A perfect storm of voter unrest, inquisitive new elected officials and outspoken school, county and library officials could lead to a significant event in 2016.
This is the year the City Council should approve major, lasting and fair reforms of how tax breaks are doled out in Kansas City.
The recent threatened public vote over taxpayer subsidies to move BNIM’s headquarters into a renovated building in the Crossroads Arts District has helped put the wheels in motion. That project highlights the fact that many Kansas Citians question whether the overall incentives process is properly handled, and many are paying more attention to the subject.
City Hall also is under tremendous pressure to make big changes from leaders of Jackson County, Kansas City Public Schools and other school districts and the Kansas City Public Library and Mid-Continent Public Library. These taxing jurisdictions are affected every time the City Council diverts future public revenues from them. The jurisdictions have no veto power over the council’s actions.
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True, meaningful reform won’t be easy. It has not occurred over the last 30 years, even as these kinds of public assistance programs have spread. They have diverted tens of millions of dollars to private businesses and away from providing crucial public services.
Supporters of incentive-backed deals offer a long-honed argument: If such deals were not on the table, the city would not reap the benefit of the new or renovated buildings or the jobs they would create. Plus, the city’s suburbs would have tried to woo companies with their own tax breaks.
However, this is a simplistic approach to an extremely complicated issue.
In reality, every taxpayer assistance plan should stand on its own merits. Some development proposals should receive no public help. Others should get less than what the law allows. Still others should be changed to give other taxing jurisdictions — especially the libraries and schools — more money.
Real reform could look something like this.
▪ The city and the taxing jurisdictions would work far more collaboratively than they do now toward the best possible outcomes for redevelopment deals.
▪ The schools, libraries, counties and other entities would keep in mind their own financial needs but also strongly pursue the needed goals of creating new jobs, retail sales and structures in Kansas City.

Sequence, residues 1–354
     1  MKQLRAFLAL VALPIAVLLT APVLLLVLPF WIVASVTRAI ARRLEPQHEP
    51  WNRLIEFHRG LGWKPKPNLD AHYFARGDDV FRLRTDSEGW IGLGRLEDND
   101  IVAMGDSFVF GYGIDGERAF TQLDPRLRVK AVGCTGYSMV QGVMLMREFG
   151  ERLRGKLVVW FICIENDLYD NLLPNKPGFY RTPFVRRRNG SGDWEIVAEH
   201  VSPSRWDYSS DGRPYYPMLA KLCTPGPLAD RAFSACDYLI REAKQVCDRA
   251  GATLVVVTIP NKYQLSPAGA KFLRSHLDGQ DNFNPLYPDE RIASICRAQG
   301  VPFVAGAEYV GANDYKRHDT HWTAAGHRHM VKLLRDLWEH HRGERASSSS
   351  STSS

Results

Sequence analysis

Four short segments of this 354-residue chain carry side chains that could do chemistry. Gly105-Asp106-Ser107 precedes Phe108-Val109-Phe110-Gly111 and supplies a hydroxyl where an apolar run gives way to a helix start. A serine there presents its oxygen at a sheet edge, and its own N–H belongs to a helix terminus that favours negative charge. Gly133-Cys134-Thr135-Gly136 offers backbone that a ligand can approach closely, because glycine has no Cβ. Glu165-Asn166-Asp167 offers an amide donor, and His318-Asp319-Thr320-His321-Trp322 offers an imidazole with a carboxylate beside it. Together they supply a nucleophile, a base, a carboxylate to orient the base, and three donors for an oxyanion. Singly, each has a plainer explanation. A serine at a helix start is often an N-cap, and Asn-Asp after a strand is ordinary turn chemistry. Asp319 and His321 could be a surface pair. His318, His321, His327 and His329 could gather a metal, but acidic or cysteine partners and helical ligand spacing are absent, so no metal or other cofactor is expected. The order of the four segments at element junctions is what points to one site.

▪ The city and jurisdictions would not privately work out side deals that favor one jurisdiction over the other but instead would award fairer “payments in lieu of taxes” that could be amenable to all.
▪ The city would be more judicious in how it reviews rates of return for developers and their projects. The city would take great pains to evaluate each project separately to decide whether requests for taxpayer assistance were reasonable — or excessive.
And that brings us to the ray of hope offered in recent weeks by Mayor Sly James and new members of the City Council. They seem genuinely interested in discussing and finding a better way to award tax breaks.
Jolie Justus said at a Dec. 17 council meeting she’s “concerned with the process,” just moments before the council unanimously directed City Manager Troy Schulte to pursue a comprehensive economic incentives study. One notable goal is to develop “specific guidelines and policies regulating the use, targeting and management of incentives.”
Heather Hall said she wanted to know “what’s the right level of incentives?” Lee Barnes Jr. expressed his support for an in-depth review of what tax breaks have accomplished the last 25 years. Quinton Lucas said it was time for “a real discussion as a community” about economic development policy.
On Tuesday, James told the council some city officials already were working on a quick, potential change in one part of the city’s package of incentives, partly to satisfy opponents of the BNIM tax increment financing deal. The goal is to avoid a city vote in April on the project, which could prompt the architectural firm to abandon it.
James said the city was discussing the issue with a few taxing jurisdictions; one possible outcome could be something like a 50 percent cap on property tax abatements on some deals in the future.
While the taxing jurisdictions would certainly embrace a discussion leading in that direction, keep in mind the fact that James actually suggested something similar in late 2014. The result? It was criticized by former council members Ed Ford and John Sharp, plus a varied group that included development lawyer Jerry Riffel, Downtown Council president Bill Dietrich and Brad Nicholson, a leading developer in the Crossroads.
In other words, any proposed changes could face a lengthy debate.
The public spends a lot of money on private development in the Kansas City region. Residents have received plenty of benefits, with the heavily subsidized Power & Light District in downtown a leading example.
But Kansas City and other cities have good reasons to find real ways to make the subsidies more reasonable. On with the reforms.
This is the first of an occasional series by The Star’s editorial board exploring ways to improve how Kansas City and some suburbs award millions of dollars in public development incentives.